John Pearson, Painter
1975 CLEveland arts prize for VISUAL ARTS
One of the most successful and respected area artists, John Pearson has developed his style over the past five decades from an intense system-based program to one more attuned to the spiritual influences of the natural environment. With over 100 one-man shows (his first in London in 1963) and numerous accolades and prizes, he continues to perfect his carefully painted and constructed pieces to suggest the beauty of form. Major museums in Europe and the United States own his work as do many private and corporate collectors.
Pearson was born in Yorkshire and studied at the Harrogate School of Art, Yorkshire (National Diploma of Design, 1960), the Royal Academy Schools, London (Certificate, R.A.S 1963), the Akademie der Bildende Kunst, Munich (1963–64, research fellow), and Northern Illinois University (M.F.A. 1966). Before arriving to teach at Oberlin in 1972, he taught at the University of New Mexico, the Nova Scotia College of Art and Design, and the Cleveland Institute of Art. He is currently the Young-Hunter Professor of Art at Oberlin College and lives in Oberlin with his wife, the artist Audra Skuodas.
Pearson’s early style reflects the European reaction to expressionism and artistic emotionalism in the form of a rational, systematic approach to art (often called the “New Tendency”). An heir to the tenets of Constructivism, he investigated color within a pre-determined linear or grid system that eliminated options after the artist’s initial choices, thus also deferringany aesthetic judgment of the piece until it was finished. Pearson did not try to eliminate beauty from his work, however: As he has noted, “What counts is how it looks after I’m finished. . . . I hope my paintings will slowly seduce.”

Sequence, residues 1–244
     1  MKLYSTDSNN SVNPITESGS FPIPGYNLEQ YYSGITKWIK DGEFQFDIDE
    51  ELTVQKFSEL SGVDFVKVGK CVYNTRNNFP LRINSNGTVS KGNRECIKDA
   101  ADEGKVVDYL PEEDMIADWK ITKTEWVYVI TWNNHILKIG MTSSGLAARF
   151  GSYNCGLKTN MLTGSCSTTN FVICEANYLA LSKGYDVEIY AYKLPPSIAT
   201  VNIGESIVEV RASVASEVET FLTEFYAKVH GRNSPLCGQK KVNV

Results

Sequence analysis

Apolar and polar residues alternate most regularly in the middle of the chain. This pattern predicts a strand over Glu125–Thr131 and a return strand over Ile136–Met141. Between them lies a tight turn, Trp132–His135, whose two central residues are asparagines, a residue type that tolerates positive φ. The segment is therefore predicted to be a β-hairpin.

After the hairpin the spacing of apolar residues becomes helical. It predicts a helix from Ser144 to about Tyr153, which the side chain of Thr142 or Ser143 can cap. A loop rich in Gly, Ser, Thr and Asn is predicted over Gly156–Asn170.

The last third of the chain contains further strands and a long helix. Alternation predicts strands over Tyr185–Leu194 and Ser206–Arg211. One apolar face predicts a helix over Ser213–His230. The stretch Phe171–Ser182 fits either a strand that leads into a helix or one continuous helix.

Indeed, this mathematically complex system offered multiple possibilities. In Pearson's early works, it was based on the straight line. Soon he began exploring the possibilities of geometrical shapes and restricted color schemes (Mondrian Series). In effect, the mathematical system itself became the subject of the painting: It was the system that Pearson was investigating. He took some of these experiments further by exploring three-dimensional sculptural systems, but found the time involved to realize the result took him away from his direct relationship with the work.
In the 1990s Pearson abandoned his years of work with the computer to concentrate on the initial inspiration for his paintings. His travels to Japan revived his interest in natural phenomena and the endless configurations of nature. But the years of working within a highly disciplined system seemed to drive him now to focus on the essence of an experience, a singlemindedness fostered by many aspects of Japanese culture. Pearson’s Japan Passage Series evokes the Japanese reverence for the spiritual in nature. In these works, after many preliminary drawings, the artist’s early impressions are reduced to basic forms. The paintings and painted sculpture in natural wood or on wood painted white evoke universal ideas of art, form and nature. Pearson attempts to remove himself from the work of art and to “invite people to discover something about themselves.” In these deceptively simple, timeless and almost preternatutrally quiet pieces, Pearson declares that “the function of art is to introduce or heighten experience.” Neither politics nor religion nor outward reality invades these pieces, only the universal that speaks directly to the individual viewer.
—Diane De Grazia
Cleveland Arts Prize
P.O. Box 21126 • Cleveland, OH 44121 • 440-523-9889 • email@example.com
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